Nationmaster is not a legit source. It is a mirror of Wikipedia, and the article they are mirroring is the Wikipedia article from last year, which was deleted in an AfD. You have to come up with verifiable, reliable sources. If having people add tags and talk page comments bothers you, I very strongly urge you to work on this new version in your user space instead, as was recommended to you by several people last night. Requesting that your article be left in peace for a while, with no one else able to comment, is not how wiki editing works, and interestingly enough, is exactly what the person who created the article last year complained about. --barneca (talk) 15:19, 14 May 2008 (UTC)

BULLSHIT, Nationmster takes info from a bunch of different sources that is fact-checked by professionals and posted- they do not write their own articles, you can learn about them and the CIA factbook from within their own site. I also talked about additional sourcing which can be checked, but for the sake of Wiki I was using a link so people would have "immediate gratification" of where info was coming from- and urged all people really interested with the group to check "first hand" the original source- check the archive talk of this page (why do you peple archive if you don't even check it). Also, YOU were all fools for removing a legit article in the first place- all based on Wiki's "mob consensus" rules of removal rather than true facts. I also have more additional sourced info to add if you would ever let me finish- but my answer now is GO FUCK YOURSELF. I restored all of these groups on this page, I invested the most time on this article- and I gave my final warning for a LAST effort.Societyfinalclubs (talk) 15:46, 14 May 2008 (UTC)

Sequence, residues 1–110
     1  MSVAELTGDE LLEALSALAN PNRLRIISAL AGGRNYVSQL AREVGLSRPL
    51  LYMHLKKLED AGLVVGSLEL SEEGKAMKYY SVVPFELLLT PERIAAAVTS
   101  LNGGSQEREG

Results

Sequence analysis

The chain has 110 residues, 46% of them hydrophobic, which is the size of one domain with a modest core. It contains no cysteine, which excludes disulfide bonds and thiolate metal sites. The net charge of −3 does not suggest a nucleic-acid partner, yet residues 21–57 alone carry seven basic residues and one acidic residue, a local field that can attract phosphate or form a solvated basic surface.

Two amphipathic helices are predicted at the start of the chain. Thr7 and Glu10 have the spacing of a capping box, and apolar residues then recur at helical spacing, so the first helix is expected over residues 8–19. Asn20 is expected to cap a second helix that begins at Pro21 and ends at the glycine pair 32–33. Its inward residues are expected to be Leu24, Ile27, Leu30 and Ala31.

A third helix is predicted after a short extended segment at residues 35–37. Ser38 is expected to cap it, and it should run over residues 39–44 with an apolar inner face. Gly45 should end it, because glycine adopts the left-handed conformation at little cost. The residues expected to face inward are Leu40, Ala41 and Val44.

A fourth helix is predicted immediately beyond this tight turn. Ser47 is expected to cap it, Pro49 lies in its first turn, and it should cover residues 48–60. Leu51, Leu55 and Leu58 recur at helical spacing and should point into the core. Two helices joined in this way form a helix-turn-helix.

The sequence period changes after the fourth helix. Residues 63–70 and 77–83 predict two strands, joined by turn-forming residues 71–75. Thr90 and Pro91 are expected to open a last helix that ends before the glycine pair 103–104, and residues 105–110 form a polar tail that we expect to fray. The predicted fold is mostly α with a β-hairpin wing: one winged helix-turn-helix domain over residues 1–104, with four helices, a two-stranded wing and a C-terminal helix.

No, you are incorrect. The NationMaster article is an exact duplicate of the article that was deleted from Wikipedia on 9 July 2007. Hence why the NationMaser article says it was last updated 314 days ago ... because it is a mirror of a now deleted wiki article. --Kralizec! (talk) 16:08, 14 May 2008 (UTC)

Response to Societyfinalclubs; Should we define what we are talking about?[edit]

About your Elizabethan Club comment, the best source would be to simply ask those who are in the club whether it is a secret society. Knowing many members, none of them would describe the club as such; many Elizabethan Club members are tapped by true senior societies at Yale. Elizabethan Club is a literary club. Non-members often attend tea there. It may have secrets, but so do sports teams, newspaper editorial boards, every fraternity and sorority house, and even some college dormitories and houses. They are not included here and rightfully so. Having secret initiation rites does not qualify a group a secret society, at least in the sense we should be trying to describe in this article. Same issue with the Ivy Club; members of the Ivy Club typically don't describe their group as a secret society. Ivy Club hosts parties where non-members can attend and serves primarily as an eating club.

This gets to two points:

1. This article doesn't attempt to describe what a collegiate secret society is or does. I can help to provide a definition but I'm not sure people want one in here.

2. Sourcing. The best source for all of this information is college students themselves. I haven't followed all of this Purdue stuff, but if student web sites, publications, etc are saying a group exists, chances are it does. - societyalum —Preceding unsigned comment added by 192.147.57.6 (talkcontribs) 11:06, 14 May 2008


Other Issues[edit]

If one takes off the Ivy Club off- one must also take off every Harvard Final club- they are almost exactly like Pinceton's. One is "punched" and the other is "bickered", people who are nonmenbers also participate with Harvard groups too for certain functions. Some, just want to include Havard on this list- but they should not- if the definition in narrow- Harvard must go.